The results presented here suggest that the expression of myosin Va is developmentally regulated. First, the absence of the expression of myosin Va in proliferative areas suggests that it is not up-regulated during cell division in neural embryonic tissue as seen for cells in culture (32). Second, myosin Va expression by pyramidal and granule cells at specific regions and times that include processes of cell differentiation and migration, suggests that myosin Va can participate in the dynamic cellular rearrangements occurring during morphogenesis. Third, its increased expression in granule and pyramidal cells clearly undergoing differentiation, followed by its decrease after differentiation, suggests a role in cell maturation. In conclusion, the expression of myosin Va was more intense in differentiating than in proliferating and in already differentiated granule and pyramidal cells, and in developing neural tracts, but was not expressed in proliferating cells, suggesting that myosin Va is developmentally regulated and can play a role in hippocampal ontogenesis.

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27. Desnos C, Huet S, Darchen F. 'Should I stay or should I go?': myosin V function in organelle trafficking. Biol Cell 2007; 99: 411-423.

28. Wang FS, Wolenski JS, Cheney RE, Mooseker MS, Jay DG. Function of myosin-V in filopodial extension of neuronal growth cones. Science 1996; 273: 660-663.

29. Dekker-Ohno K, Hayasaka S, Takagishi Y, Oda S, Wakasugi N, Mikoshiba K, et al. Endoplasmic reticulum is missing in dendritic spines of Purkinje cells of the ataxic mutant rat. Brain Res 1996; 714: 226-230.

30. Martins AR, Dias MM, Vasconcelos TM, Caldo H, Costa MC, Chimelli L, et al. Microwave-stimulated recovery of myosin-V immunoreactivity from formalin-fixed, paraffin-embedded human CNS. J Neurosci Methods 1999; 92: 25-29.

31. Gould E, Cameron HA. Regulation of neuronal birth, migration and death in the rat dentate gyrus. Dev Neurosci 1996; 18: 22-35.

32. Espreafico EM, Coling DE, Tsakraklides V, Krogh K, Wolenski JS, Kalinec G, et al. Localization of myosin-V in the centrosome. Proc Natl Acad Sci U S A 1998; 95: 8636-8641.

33. Woodhams PL, Celio MR, Ulfig N, Witter MP. Morphological and functional correlates of borders in the entorhinal cortex and hippocampus. Hippocampus 1993; 3 (Spec No.): 303-311.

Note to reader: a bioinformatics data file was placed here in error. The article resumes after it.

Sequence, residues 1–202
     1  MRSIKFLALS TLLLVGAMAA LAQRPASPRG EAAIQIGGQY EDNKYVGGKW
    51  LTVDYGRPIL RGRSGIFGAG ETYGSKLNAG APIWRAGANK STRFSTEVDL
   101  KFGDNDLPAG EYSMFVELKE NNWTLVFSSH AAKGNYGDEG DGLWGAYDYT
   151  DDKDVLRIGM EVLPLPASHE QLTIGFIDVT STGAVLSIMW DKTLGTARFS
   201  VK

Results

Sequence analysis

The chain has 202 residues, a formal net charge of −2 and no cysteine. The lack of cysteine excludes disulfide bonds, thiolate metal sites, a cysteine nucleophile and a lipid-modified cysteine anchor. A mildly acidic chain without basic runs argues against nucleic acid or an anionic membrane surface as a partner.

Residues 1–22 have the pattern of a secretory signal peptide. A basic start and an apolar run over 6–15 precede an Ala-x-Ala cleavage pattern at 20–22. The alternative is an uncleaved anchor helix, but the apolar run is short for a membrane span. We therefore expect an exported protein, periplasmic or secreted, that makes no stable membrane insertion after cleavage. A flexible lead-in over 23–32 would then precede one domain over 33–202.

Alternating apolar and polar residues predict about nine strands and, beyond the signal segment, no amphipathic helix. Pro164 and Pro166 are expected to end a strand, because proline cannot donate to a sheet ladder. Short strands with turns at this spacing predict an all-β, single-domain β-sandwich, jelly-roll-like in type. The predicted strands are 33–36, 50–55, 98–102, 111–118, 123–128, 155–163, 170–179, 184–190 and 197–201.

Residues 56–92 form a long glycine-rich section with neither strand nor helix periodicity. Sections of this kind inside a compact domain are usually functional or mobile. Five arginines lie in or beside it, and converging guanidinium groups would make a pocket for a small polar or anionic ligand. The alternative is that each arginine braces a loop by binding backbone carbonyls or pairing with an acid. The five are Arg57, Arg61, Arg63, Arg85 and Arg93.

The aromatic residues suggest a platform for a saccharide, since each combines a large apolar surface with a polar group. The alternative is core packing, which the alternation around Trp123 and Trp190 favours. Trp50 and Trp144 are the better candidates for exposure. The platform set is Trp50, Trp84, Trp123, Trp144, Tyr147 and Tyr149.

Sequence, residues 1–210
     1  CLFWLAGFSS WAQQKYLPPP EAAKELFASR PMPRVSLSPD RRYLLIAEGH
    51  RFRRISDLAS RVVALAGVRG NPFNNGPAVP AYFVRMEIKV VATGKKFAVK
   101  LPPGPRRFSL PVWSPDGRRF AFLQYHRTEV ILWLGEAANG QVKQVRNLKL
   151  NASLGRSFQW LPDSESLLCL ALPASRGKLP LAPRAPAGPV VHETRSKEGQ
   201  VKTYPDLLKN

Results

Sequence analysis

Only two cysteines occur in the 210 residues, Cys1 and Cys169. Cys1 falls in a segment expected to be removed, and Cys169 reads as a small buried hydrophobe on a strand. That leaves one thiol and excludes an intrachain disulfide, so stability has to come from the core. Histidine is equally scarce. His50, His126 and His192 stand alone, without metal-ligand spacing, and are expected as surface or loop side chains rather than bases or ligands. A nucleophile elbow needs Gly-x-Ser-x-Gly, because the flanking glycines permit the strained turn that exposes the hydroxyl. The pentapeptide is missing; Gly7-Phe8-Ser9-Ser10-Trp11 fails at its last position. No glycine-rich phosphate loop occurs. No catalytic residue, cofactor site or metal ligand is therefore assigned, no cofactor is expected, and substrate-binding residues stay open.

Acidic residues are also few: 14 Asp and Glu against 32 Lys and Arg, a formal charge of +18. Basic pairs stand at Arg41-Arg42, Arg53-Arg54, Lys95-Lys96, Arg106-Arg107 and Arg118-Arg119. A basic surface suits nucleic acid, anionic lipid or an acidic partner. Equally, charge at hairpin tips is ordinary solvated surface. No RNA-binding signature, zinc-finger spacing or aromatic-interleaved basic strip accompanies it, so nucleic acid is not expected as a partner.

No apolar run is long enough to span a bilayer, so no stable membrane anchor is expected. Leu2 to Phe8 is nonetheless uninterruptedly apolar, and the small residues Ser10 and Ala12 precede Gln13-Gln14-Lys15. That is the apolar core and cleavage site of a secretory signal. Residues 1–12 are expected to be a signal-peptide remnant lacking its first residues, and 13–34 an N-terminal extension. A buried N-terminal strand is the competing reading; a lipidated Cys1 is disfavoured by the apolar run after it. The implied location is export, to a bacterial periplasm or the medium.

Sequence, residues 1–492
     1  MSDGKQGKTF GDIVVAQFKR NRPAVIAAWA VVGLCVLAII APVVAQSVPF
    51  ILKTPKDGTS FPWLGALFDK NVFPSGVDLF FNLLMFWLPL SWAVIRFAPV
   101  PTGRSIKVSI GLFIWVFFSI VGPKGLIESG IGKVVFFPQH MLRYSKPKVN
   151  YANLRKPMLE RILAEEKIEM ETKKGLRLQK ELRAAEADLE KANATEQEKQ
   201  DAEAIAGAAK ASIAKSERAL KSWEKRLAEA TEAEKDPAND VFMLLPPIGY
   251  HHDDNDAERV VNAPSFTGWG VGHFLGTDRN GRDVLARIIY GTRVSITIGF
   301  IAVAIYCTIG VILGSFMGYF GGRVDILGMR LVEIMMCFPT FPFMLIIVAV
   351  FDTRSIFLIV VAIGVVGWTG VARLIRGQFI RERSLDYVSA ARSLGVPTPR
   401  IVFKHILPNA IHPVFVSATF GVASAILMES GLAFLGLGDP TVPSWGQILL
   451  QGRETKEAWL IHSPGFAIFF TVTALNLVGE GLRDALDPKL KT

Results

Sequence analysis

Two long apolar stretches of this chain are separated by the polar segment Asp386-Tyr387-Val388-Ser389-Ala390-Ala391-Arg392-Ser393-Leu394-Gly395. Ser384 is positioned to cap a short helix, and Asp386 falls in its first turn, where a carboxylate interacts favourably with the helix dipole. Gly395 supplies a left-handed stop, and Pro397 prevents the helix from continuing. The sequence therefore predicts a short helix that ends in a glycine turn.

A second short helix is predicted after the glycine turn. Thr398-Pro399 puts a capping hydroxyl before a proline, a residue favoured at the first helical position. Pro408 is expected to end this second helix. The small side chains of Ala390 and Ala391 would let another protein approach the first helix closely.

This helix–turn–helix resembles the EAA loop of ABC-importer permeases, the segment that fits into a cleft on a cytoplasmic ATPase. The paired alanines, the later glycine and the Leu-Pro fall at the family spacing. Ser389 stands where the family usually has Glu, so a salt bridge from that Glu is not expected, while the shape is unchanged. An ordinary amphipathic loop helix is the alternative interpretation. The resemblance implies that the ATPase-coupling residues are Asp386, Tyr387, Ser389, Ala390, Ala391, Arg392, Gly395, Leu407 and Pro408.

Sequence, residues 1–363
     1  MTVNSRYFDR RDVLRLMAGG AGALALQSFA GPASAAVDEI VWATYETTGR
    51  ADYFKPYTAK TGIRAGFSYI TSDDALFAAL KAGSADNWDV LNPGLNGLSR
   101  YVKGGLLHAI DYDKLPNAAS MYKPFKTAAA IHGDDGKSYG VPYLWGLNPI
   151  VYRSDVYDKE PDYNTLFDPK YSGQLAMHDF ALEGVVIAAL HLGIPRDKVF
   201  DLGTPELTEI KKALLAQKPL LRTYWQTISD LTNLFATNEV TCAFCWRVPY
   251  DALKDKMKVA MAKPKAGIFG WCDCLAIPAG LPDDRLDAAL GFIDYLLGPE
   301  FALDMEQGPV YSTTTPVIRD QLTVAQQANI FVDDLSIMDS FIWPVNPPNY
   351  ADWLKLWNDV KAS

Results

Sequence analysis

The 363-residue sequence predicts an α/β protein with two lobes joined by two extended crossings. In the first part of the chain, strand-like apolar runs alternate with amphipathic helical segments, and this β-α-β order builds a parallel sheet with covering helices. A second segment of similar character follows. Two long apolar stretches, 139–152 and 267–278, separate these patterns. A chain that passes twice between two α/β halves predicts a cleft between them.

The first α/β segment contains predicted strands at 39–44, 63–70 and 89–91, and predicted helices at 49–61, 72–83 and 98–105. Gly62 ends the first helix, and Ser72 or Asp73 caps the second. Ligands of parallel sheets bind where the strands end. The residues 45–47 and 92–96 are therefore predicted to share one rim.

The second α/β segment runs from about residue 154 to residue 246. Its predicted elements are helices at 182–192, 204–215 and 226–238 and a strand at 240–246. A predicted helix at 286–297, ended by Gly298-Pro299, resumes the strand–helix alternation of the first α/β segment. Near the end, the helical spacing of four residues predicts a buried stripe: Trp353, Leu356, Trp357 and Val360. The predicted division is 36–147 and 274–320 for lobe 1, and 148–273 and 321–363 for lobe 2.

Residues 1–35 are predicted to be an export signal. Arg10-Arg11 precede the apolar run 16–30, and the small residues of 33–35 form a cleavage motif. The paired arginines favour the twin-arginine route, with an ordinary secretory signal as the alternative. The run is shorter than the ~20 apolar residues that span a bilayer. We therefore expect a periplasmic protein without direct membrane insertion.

34. Bentley D, Toroian-Raymond A. Disoriented pathfinding by pioneer neurone growth cones deprived of filopodia by cytochalasin treatment. Nature 1986; 323: 712-715.

35. Rivas RJ, Hatten ME. Motility and cytoskeletal organization of migrating cerebellar granule neurons. J Neurosci 1995; 15: 981-989.

36. Hatten ME. New directions in neuronal migration. Science 2002; 297: 1660-1663.

37. Gregory WA, Edmondson JC, Hatten ME, Mason CA. Cytology and neuron-glial apposition of migrating cerebellar granule cells in vitro. J Neurosci 1988; 8: 1728-1738.

38. Hatten ME, Mason CA. Mechanisms of glial-guided neuronal migration in vitro and in vivo. Experientia 1990; 46: 907-916.

39. Komuro H, Rakic P. Dynamics of granule cell migration: a confocal microscopic study in acute cerebellar slice preparations. J Neurosci 1995; 15: 1110-1120.

Acknowledgments

We thank Mr. Hildeberto Caldo and Mr. Marcio Oliveira for expert technical assistance, and Mr. Fernando Silva de Oliveira for reviewing the manuscript language. We acknowledge Ajinomoto Interamericana, São Paulo, Brazil, for a gift of L-lysine. Research supported by FAPESP, FAEPA, and CNPq to A.R. Martins, R.E. Larson and J. Pereira Leite. L.S. Brinn was the recipient of fellowships from CNPq and FAPESP.

Address for correspondence: A.R. Martins, Departamento de Farmacologia, Faculdade de Medicina de Ribeirão Preto, USP, Av. Bandeirantes, 3900, 14049-900 Ribeirão Preto, SP, Brasil. Fax: +55-16-3633-2301. E-mail: armartin@fmrp.usp.br

Received April 15, 2010. Accepted August 5, 2010. Available online August 20, 2010. Published September 13, 2010.

The Brazilian Journal of Medical and Biological Research is partially financed by

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  • 36. Hatten ME. New directions in neuronal migration. Science 2002; 297: 1660-1663.
  • 37. Gregory WA, Edmondson JC, Hatten ME, Mason CA. Cytology and neuron-glial apposition of migrating cerebellar granule cells in vitro J Neurosci 1988; 8: 1728-1738.
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  • 39. Komuro H, Rakic P. Dynamics of granule cell migration: a confocal microscopic study in acute cerebellar slice preparations. J Neurosci 1995; 15: 1110-1120.

  • Correspondence and Footnotes

Publication Dates

  • Publication in this collection
    03 Sept 2010
  • Date of issue
    Sept 2010

History

  • Accepted
    05 Aug 2010
  • Received
    15 Apr 2010